June 20, 2014 by Keith Raynor in Livewire, Video with 2 comments
Lots of people devote exorbitant amounts of themselves into Ultimate: training, learning, watching, playing, traveling. But most of that effort is put in to improve themselves. They hit the track or the weight room, stay late after practice, or travel to tournaments so they can make the team or earn more playing time or get more Ds.
Michelle Ng does it for everyone else. She’s all but martyred herself for the betterment of Ultimate.
I’ve been looking for an excuse to dedicate some words to what Michelle has done. Perhaps the launch of Womeninultimate.com is just the reason. I’m most certainly not the first and without a doubt not the last to be touched, impressed, inspired, or humbled by this woman’s efforts. It isn’t a new tune I’m singing; I’m just another voice in the chorus.
An insane number of hours spent on the road. Even more spent on the phone or sending emails, arranging tournaments or talking to captains. Don’t even try to add in the time spent on various score reporting sites. Plus the long tournament days themselves. And through the horror stories of stolen iPads, unexpected storms, field cancellations, and overturned port-o-potties, she’s emerged, no less focused on giving what she has to all of us without anyone asking.
It’s more than just tournaments. Sure, those are a huge part of it: Michelle brings opportunities to play at well-organized and recognized events for teams that might otherwise not have access. She connects leaders at every level with young potential leaders who will build wherever they call home. Those future leaders get her support when they need it – it is remarkable how accessible Michelle is despite being so busy – and that builds a community.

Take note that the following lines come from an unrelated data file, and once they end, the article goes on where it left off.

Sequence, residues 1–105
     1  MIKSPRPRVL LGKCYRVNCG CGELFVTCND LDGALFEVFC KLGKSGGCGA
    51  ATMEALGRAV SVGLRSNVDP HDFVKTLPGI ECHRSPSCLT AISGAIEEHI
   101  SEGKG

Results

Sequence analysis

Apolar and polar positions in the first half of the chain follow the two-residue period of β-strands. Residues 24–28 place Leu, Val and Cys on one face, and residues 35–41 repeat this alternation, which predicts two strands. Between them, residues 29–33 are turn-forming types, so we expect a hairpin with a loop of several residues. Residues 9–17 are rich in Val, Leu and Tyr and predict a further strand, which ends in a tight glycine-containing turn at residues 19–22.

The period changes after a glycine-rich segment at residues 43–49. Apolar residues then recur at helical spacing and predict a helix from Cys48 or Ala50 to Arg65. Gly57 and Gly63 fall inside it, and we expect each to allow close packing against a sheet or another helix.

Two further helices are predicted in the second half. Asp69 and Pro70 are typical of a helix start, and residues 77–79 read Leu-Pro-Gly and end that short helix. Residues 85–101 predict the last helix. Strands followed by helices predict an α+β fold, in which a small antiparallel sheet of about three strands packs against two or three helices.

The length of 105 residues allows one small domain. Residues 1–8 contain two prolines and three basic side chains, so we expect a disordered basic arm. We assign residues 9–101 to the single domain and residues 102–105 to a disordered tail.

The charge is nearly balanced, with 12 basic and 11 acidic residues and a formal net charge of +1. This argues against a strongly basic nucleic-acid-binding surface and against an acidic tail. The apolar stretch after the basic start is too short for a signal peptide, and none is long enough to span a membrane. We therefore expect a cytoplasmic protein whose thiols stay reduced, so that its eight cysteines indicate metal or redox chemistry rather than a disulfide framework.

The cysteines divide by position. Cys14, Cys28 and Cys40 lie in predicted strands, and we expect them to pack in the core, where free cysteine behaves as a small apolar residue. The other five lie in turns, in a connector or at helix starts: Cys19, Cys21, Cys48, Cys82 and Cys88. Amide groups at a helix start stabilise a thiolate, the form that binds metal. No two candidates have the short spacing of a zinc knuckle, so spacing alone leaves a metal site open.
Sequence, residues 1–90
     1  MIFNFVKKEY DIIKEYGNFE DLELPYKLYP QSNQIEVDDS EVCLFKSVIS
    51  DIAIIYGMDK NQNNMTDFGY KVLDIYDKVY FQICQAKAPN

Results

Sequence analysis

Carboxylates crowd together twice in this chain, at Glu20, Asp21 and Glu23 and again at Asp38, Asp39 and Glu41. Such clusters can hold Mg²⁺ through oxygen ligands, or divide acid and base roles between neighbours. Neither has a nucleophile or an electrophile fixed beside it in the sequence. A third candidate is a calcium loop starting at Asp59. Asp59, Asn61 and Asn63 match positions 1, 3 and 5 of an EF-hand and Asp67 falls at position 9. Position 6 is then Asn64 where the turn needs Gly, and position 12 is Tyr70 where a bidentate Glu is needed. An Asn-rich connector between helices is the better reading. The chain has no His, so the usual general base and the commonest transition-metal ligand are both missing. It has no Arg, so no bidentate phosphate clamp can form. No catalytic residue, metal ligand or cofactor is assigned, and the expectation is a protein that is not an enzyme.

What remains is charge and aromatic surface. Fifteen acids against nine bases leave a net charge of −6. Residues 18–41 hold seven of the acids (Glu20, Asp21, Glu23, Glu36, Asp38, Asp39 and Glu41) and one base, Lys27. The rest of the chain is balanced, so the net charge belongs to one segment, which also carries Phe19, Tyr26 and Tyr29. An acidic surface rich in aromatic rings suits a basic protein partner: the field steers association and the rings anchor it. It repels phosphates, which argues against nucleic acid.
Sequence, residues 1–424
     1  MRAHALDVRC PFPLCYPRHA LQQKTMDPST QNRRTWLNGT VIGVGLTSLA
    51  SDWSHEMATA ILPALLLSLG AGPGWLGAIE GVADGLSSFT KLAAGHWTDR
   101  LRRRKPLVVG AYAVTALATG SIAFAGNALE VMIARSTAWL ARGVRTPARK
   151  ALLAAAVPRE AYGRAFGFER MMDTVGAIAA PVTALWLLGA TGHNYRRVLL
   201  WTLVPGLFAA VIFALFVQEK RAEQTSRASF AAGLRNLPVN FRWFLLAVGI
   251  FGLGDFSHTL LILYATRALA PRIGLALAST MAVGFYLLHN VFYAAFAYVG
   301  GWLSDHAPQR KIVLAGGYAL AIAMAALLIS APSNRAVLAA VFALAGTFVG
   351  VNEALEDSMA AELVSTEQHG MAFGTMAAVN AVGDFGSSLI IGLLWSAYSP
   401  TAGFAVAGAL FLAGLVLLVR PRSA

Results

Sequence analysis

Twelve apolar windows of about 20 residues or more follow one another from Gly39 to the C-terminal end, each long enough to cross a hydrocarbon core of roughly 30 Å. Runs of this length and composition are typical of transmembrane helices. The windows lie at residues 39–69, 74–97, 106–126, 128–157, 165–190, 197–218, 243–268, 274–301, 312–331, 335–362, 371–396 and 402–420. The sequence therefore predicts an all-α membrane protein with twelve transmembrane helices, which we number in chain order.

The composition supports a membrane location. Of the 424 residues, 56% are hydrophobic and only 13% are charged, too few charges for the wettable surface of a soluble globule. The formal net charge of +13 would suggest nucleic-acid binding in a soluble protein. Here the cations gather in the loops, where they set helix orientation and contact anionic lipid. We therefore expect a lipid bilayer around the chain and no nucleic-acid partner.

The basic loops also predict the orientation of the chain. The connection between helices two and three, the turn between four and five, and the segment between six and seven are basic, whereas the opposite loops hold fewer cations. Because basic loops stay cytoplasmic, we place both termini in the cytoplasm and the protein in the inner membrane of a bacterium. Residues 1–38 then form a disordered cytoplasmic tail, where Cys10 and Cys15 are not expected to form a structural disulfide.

Indulge a personal anecdote. Michelle and I have known each other a couple of years, but mostly only in passing and through mutual friends. But when I was helping the team I coach organize a tournament and we had a last minute cancellation that left us with an uncomfortable number of teams, I found myself struggling to figure out how to schedule our rounds. When I contacted Michelle, she didn’t hesitate to take some time to help me with the format. We got on the phone and talked about the options, and she was patient and offered any future assistance she could. It was a small gesture but it meant a lot to me.
So you can count me in. I hope others will feel the same, or at least visit Womeninultimate.com and spread the word. Michelle hasn’t had to do it alone, but she has done way more than anyone could have or should have asked of her.
Chances are she’s done something for you that you didn’t realize. Maybe its sacrifice her entire day to drive up to secure field sites for a tournament you were attending. Maybe it is run a clinic that one of your future best players attended. It could be that she gave institutional knowledge to someone who will help, or already did, guide your team. She’s given to you, or your teammates, or your friends, or your community.
We all owe it to give back.